Wakefield Council has invested £320,000 in work to maintain and preserve the historic old bridge in Ferrybridge, making it safer and more accessible for pedestrians and cyclists to use.
The bridge, that dates from 1804, is listed as a Scheduled Monument. It carried the Great North Road, which was the main route used by mail coaches travelling between London, York and Edinburgh. In the 1920’s the road was designated the A1 by Ministry of Transport, the beginning of the modern British national road system. Subsequently, the A1 has been re-routed twice.
By refurbishing the bridge, which was closed to motor vehicles in 1966, the Council aims to preserve the structure for many years to come and to encourage more people to use the route to boost health and improve wellbeing.
Cllr Matthew Morley, Cabinet Member for Planning and Highways at Wakefield Council, said: “This is a fantastic project. It has improved the condition of the bridge and enhanced safety for pedestrians and cyclists at this historic crossing point over the River Aire, which is one of the links between the Wakefield district and North Yorkshire.
“This area is now a much more attractive and safer area to walk and cycle and gives people access to a wider area for outdoor activities and the added health and wellbeing benefits this brings. This is especially relevant at this time as many of us recognise the benefits of regular exercise for physical and mental health as we continue to face the challenges of the global pandemic.”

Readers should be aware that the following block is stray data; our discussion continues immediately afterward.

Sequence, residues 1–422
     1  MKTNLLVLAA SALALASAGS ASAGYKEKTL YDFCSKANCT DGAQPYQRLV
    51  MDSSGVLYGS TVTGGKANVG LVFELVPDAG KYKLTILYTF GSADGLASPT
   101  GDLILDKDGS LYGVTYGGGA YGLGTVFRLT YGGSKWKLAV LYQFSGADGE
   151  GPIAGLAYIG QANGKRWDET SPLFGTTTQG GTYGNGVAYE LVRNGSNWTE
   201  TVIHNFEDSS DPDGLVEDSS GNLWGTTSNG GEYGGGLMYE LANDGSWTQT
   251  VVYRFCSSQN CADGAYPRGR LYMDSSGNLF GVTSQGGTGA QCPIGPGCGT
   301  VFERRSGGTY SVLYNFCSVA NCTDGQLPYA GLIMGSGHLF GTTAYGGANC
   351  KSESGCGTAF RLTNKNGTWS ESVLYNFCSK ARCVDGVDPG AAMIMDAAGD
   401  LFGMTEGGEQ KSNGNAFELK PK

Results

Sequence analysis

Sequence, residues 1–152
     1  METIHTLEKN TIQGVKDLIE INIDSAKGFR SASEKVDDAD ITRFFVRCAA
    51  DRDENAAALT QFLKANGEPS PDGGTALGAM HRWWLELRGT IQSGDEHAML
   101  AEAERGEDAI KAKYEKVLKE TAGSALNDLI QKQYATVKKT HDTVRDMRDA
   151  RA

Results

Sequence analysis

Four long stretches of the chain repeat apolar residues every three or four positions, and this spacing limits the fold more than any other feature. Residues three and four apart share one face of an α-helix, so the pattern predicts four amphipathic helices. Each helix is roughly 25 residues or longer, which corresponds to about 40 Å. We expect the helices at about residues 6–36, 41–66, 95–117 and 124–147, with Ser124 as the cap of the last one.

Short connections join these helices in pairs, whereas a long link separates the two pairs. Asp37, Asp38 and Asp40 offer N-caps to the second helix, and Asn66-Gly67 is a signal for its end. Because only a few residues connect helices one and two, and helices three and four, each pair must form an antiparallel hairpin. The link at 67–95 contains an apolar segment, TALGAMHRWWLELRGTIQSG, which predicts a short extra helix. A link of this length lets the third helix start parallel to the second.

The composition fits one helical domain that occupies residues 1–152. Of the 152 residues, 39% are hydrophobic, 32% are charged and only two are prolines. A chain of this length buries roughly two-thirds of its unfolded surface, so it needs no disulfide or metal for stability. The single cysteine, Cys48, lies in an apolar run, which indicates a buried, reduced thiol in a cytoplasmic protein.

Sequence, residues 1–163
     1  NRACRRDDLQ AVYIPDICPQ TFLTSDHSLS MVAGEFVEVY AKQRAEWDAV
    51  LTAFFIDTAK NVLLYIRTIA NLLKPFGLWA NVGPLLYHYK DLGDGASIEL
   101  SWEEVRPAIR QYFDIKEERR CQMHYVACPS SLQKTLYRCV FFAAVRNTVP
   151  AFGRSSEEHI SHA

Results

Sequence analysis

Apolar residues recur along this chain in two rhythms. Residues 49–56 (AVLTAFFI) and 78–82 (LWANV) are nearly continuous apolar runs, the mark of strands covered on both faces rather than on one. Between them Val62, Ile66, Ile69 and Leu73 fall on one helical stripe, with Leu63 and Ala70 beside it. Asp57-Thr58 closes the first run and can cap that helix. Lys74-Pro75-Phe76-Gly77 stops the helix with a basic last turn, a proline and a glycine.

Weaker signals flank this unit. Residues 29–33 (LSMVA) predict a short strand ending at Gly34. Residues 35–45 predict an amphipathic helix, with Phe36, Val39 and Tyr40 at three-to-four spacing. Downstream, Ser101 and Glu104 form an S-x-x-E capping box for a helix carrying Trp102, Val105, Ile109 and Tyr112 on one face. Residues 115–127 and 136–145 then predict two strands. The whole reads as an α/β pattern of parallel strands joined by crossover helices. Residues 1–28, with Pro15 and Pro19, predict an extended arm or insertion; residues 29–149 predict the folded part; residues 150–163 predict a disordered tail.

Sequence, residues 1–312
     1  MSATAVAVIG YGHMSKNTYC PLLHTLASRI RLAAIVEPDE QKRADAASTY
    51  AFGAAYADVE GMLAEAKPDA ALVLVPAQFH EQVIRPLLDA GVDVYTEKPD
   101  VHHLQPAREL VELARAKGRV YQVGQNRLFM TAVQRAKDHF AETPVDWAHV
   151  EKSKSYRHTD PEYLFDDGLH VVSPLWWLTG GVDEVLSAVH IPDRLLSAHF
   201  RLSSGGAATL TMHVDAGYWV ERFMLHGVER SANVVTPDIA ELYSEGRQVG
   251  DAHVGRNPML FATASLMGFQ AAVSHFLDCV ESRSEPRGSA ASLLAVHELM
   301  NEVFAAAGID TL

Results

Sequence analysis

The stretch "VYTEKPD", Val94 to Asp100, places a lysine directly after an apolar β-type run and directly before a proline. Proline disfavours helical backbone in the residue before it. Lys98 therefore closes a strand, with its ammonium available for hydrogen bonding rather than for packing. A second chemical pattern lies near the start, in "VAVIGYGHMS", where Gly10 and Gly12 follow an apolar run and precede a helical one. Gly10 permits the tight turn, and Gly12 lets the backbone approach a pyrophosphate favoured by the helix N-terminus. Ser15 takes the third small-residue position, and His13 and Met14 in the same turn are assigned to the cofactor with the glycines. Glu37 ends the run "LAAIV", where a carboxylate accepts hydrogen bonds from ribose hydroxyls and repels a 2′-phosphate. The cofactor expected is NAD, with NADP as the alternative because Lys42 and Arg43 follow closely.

The works include the repointing and repair of the stonework, together with reconstruction of the roads and footways.
Consent for all the work to the bridge was obtained from Historic England and special consideration was given to the matching of materials and methods of construction as a consequence.
In the past the bridge has suffered from vandalism and theft of natural stone paving flagstones. Remaining flagstones were taken up before the scheme started, stored and reused in the scheme with measures taken to better secure them to reduce the risk of theft. The old concrete kerbs were replaced with reclaimed stone kerbs that match the reinstalled stone flagstones. More substantial barriers have been put in place to prevent vehicles going onto the bridge.
The project started on site in August 2020 and was completed in late December.
The scheme is part of Wakefield Council’s capital programme for highways and is funded through the Local Transport Plan Fund.